Government rolls out unprecedented NIS 80b. financial aid package

The Israeli Employment Service said that a total of 20,413 new applicants registered for unemployment benefits on Sunday night and Monday, bringing the total number of claimants to over 962,500.

Finance Minister Moshe Kahlon (photo credit: MARC ISRAEL SELLEM)
Finance Minister Moshe Kahlon
(photo credit: MARC ISRAEL SELLEM)
After significant delay, the government published its major economic plan to soften the blow of the coronavirus  outbreak on Monday, promising NIS 80 billion in financial aid for the healthcare system, struggling businesses, salaried employees and self-employed workers.
"I say to all Israeli citizens, we will return to our financial strength, to a much greater extent than people expect, and much faster," said Finance Minister Moshe Kahlon in a televised address prior to confirming his departure from politics.
"This situation will not last forever and I believe that, immediately after Passover, the economy will gradually start to return to work. The program presented today is the largest and widest in scope that the Israeli economy has ever seen."
The release of the program was significantly delayed, with Prime MInister Benjamin Netanyahu promising on March 22 that details would be provided within 48 hours.
Ultimately, the financial aid package, amounting to approximately 6% of Israel's gross domestic product, involves commitments of NIS 70b. in funds, in addition to NIS 10b. of financial assistance already promised in recent weeks.
The package features funds for the healthcare system and assisting at-risk population groups; a "social security safety net" for salaried employees, self-employed workers and the elderly; to support businesses harmed by the outbreak; and an program for the acceleration of the economy and stimulus for critical growth engines.
A total of NIS 10b. will be allocated to the healthcare system to fund the purchase of ventilators, the cost of 20 million tests during 2020, personal protective equipment, to stabilize hospital budgets and finance additional isolation facilities. An additional NIS 1b. will fund initiatives to assist at-risk groups and the elderly population.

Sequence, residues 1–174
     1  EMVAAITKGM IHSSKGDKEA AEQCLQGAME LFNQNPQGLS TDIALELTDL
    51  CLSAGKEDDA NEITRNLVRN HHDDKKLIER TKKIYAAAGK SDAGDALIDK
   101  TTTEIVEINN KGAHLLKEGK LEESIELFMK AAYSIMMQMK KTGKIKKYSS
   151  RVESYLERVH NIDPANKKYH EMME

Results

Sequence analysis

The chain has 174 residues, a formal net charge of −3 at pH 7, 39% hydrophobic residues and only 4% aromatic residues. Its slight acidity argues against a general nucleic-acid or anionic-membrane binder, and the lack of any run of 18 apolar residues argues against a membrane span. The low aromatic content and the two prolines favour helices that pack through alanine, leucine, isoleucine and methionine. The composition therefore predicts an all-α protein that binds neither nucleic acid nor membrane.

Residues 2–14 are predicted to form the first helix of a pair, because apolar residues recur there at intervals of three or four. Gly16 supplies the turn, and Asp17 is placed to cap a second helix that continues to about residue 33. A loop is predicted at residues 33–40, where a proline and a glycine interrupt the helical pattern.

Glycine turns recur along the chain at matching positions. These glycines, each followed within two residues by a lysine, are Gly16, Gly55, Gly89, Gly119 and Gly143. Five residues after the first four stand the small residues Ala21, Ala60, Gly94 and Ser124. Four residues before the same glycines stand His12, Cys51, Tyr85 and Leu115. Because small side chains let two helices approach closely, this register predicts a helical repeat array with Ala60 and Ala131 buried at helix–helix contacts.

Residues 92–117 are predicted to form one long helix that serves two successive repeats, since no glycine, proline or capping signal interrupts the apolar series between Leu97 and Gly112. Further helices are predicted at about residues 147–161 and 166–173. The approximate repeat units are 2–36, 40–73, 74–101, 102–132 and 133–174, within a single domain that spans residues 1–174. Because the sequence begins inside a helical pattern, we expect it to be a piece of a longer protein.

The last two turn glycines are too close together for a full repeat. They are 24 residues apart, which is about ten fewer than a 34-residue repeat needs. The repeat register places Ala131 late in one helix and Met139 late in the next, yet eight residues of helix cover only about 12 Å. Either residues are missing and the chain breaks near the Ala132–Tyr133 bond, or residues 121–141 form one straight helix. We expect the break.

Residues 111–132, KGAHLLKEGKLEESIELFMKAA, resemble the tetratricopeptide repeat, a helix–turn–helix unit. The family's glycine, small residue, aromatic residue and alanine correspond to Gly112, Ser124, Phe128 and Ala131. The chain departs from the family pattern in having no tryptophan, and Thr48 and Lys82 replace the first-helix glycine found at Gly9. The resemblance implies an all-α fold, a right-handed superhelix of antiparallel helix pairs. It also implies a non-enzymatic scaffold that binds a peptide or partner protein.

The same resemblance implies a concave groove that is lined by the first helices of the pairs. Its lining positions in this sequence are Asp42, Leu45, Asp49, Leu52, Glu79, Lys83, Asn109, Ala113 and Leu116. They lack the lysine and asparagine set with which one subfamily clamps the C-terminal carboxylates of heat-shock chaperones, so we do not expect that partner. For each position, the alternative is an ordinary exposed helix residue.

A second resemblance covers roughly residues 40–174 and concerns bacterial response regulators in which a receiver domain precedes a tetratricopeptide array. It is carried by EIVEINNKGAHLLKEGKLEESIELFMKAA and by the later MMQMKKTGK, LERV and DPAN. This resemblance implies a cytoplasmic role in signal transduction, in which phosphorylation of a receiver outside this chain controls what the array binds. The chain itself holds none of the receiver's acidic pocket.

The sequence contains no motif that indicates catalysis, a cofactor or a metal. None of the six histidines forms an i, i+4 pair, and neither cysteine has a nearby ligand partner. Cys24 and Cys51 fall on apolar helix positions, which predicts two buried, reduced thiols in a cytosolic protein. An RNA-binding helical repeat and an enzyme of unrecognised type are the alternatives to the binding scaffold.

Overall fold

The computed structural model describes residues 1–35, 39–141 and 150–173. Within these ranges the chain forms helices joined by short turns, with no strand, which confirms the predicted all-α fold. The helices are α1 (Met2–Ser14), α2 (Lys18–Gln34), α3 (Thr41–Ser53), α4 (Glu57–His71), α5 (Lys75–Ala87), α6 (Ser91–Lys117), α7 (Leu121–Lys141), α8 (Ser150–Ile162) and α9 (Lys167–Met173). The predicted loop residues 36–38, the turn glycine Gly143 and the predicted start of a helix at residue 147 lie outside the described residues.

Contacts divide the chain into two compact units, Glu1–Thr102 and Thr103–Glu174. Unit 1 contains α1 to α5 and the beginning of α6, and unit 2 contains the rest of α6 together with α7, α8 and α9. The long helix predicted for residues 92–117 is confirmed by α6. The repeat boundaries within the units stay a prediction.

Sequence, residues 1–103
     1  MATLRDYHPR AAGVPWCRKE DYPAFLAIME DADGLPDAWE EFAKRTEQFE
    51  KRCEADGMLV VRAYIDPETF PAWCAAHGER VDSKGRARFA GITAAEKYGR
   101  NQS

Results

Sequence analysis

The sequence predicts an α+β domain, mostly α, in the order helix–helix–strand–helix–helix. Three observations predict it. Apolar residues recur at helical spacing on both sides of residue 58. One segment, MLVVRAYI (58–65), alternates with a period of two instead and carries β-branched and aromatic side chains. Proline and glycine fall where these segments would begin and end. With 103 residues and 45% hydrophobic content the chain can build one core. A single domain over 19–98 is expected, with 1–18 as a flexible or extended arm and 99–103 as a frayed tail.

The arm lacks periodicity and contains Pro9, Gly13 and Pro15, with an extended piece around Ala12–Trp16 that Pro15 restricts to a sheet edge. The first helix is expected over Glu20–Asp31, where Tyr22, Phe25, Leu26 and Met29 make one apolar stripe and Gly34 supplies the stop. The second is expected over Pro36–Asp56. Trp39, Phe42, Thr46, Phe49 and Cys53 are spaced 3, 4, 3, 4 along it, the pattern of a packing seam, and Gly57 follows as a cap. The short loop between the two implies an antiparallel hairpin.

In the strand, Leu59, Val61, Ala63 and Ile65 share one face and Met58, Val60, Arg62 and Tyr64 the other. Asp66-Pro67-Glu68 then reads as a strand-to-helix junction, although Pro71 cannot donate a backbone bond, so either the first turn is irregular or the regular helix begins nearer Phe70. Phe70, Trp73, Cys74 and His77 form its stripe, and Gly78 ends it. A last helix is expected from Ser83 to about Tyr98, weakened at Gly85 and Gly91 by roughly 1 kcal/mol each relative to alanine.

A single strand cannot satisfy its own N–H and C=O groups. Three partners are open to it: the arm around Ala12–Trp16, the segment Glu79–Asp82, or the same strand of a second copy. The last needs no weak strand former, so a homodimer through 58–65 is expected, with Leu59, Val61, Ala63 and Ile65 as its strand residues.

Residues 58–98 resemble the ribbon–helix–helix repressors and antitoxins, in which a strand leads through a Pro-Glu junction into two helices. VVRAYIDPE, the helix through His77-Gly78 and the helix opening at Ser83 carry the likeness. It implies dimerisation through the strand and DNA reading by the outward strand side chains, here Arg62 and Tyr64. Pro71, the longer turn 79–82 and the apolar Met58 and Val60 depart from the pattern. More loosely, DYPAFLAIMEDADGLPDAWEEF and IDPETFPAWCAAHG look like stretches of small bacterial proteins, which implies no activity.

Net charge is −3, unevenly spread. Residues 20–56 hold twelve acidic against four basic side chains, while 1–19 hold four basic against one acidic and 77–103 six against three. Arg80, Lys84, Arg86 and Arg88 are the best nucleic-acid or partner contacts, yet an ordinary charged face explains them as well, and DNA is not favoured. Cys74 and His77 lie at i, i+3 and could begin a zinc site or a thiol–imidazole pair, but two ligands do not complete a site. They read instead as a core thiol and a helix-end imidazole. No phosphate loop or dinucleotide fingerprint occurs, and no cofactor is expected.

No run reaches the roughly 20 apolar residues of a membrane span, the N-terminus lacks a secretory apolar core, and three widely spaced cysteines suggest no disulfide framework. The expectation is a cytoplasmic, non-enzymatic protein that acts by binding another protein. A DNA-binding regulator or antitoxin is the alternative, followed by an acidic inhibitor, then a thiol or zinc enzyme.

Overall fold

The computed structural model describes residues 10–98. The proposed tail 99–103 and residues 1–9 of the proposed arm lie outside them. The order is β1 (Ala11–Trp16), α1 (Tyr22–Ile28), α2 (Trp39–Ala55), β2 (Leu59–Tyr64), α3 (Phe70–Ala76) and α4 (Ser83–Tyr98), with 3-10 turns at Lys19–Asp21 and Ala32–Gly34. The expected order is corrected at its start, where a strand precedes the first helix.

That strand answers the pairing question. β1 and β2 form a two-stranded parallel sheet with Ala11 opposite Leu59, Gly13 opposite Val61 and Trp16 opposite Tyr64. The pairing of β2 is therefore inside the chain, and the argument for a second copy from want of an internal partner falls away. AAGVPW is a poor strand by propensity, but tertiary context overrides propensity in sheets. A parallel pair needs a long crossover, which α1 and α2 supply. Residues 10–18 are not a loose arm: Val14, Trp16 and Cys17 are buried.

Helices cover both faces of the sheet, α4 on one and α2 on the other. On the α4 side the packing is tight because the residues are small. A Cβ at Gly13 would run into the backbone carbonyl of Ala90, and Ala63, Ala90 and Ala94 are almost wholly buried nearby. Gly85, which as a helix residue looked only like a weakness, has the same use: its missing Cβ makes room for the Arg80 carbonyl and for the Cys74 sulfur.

The program's NIS 20.4b. "social security safety net" will provide NIS 3b. for self-employed workers; NIS 3b. to fund unemployment benefits for workers aged over 67; NIS 200m. for professional training for unemployed workers; NIS 14b. to subsidize employees placed on unpaid leave; and NIS 200m. for nonprofit organizations.
Kahlon said self-employed workers whose income had been damaged by the current crisis will be eligible for two grants: a first payment up to NIS 6,000 in April and a second payment up to NIS 8,000 in May.
A total of NIS 40.7b. will be allocated to ensuring "business continuity," including the cancellation of municipal tax; low-interest loan funds; deferrals of VAT, social security payments and utility bills; and tax rebates.
Finally, NIS 7.9b. will allocated to bolstering economic growth engines, including NIS 4.8b. for a "crisis exit program"; NIS 1.5b. for the hi-tech industry; NIS 1.1b. for accelerating infrastructure projects; and NIS 300m. for improving digital services for citizens.
"I am aware that [the financial package] won't return the situation to what it was prior to the crisis. Not for businesses, employees or the self-employed," said Kahlon. "But we are speaking about the most significant program that the Israeli economy has ever known. I have no doubt that if this crisis will continue, we will need additions. We will not allow the Israeli economy to collapse."
Kahlon also appealed to all financial institutions, including banks, to assist citizens and offer relief where possible.
"We will do everything we can to return our economy to a path of growth," said Prime Minister Benjamin Netanyahu. "We have known large financial crises in the past, and we will overcome this one too, together."
Earlier on Monday, hundreds of self-employed workers gathered at Jerusalem's Israel Museum to protest the measures slated to be included in the financial plan.
"We don't trust any politician," Adv. Roi Cohen, president of the Israel Chamber of Independent Organizations and Businesses (Lahav), told protestors, according to Yediot Aharonot.
"We will lead the economy. Two-hundred thousand business owners will hjave nowhere to go. We are approaching bankruptcy for the business sector. We demand equality and unemployment pay."
The Israeli Employment Service said that a total of 20,413 new applicants registered for unemployment benefits on Sunday night and Monday, bringing the total number of claimants to over 962,500.
Since the start of March, nearly 805,000 new applicants have requested support from the Employment Service - 89.9% of whom are employees placed on unpaid leave. Authorities expect total claimants to reach one million before the Passover holiday.
There are over 44,300 families with both parents claiming unemployment benefits, representing 15.28% of all claimants, the National Insurance Institute (Bituach Leumi) said. According to the Labor and Welfare Ministry, there have been applications from 4,000 women during the past two weeks who are either currently pregnant, on maternity leave or undergoing fertility treatment - compared to 1,200 during a normal year.